A permanent memorial will be erected at the United Nations headquarters in New York to memorialize the victims of slavery and the transatlantic slave trade.
Ali Moussa Iye, head of culture and dialogue at the United Nations Educational, Scientific & Cultural Organization (UNESCO) made the announcement last Monday at the opening of The Harriet Tubman Centre Summer Institute at York University.
The theme of the one-week event is Slavery, Memory and Citizenship.
Iye said artists and designers from the around the world will be invited to submit applications and the top 16 will be chosen to enter the competition.
“This is going to be a very symbolic landmark and it will show what we have always said and that is slavery was not just an African tragedy but one that affected the whole of humanity,” said Iye on the eve of International Day for the Remembrance of the Slave Trade and its Abolition which was marked on August 23.
“Having a memorial at the UN in New York will reflect and celebrate that and it’s our hope that something beneficial, future-oriented, attractive and very modern will be built.”
This year’s Summer Institute focuses on the connections between historic and contemporary slavery, the ways in which the institution is remembered and its implications for claims for complete citizenship.
“This is an important occasion as we come together to share and disseminate new knowledge that would lead to a better understanding of the causes and consequences of slavery and its impact on society today while addressing other critical social issues such as racism and discrimination,” said Robert Hache, York University’s vice-president of research and innovation.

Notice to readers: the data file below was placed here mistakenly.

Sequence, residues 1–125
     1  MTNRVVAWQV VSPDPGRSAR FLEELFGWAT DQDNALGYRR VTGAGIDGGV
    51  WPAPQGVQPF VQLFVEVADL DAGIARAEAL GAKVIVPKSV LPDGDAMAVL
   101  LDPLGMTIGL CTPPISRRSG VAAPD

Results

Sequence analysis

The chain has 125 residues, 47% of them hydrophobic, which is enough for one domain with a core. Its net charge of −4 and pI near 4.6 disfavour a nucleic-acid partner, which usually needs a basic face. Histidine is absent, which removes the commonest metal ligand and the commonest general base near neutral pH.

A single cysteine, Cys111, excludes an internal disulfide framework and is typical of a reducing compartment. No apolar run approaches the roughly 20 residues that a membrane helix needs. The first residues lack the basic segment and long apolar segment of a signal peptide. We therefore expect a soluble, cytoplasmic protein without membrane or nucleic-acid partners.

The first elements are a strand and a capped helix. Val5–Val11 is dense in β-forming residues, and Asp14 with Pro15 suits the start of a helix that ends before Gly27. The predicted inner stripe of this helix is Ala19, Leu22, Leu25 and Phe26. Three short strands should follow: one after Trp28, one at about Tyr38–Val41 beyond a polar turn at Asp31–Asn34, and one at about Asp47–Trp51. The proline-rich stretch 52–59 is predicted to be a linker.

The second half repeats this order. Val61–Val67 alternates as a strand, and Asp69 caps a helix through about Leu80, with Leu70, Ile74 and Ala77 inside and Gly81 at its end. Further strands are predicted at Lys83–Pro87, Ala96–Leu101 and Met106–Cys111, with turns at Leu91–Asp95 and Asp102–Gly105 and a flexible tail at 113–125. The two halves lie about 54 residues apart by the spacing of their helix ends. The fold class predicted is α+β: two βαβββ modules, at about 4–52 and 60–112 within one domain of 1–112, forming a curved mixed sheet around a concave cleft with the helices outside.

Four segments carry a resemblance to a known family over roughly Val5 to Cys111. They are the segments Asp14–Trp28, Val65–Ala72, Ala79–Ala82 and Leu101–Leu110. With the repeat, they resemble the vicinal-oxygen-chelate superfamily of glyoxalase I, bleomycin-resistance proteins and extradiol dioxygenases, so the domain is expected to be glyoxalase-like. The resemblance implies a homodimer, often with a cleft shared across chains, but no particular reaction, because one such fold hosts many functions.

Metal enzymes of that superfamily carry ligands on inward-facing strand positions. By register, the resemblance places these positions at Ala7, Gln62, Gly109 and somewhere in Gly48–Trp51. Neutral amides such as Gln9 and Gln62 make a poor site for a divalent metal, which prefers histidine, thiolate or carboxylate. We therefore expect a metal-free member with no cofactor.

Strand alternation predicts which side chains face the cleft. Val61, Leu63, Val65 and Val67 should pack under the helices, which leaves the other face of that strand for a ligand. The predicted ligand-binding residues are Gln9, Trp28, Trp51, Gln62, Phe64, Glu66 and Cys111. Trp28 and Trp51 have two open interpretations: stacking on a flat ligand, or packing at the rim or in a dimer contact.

“The UNESCO Slave Route Project is a proud example of how we can mobilize knowledge to foster debate, promote educational opportunities and raise awareness of slavery and the slave trade. Here at York, we are proud of our strong tradition of excellence in inter-disciplinary and innovative research of which the Tubman Institute is a shining example. At this institute, there are researchers and affiliates whose expertise span across multiple fields of research, including the fine arts, business, social services, humanities and other areas.”
The Harriet Tubman Centre supports the research needs of African Diaspora scholars and promotes a greater understanding of the history of slavery and its legacy by collecting and making accessible primary and secondary material related to the forced and voluntary migrations of African peoples around the world.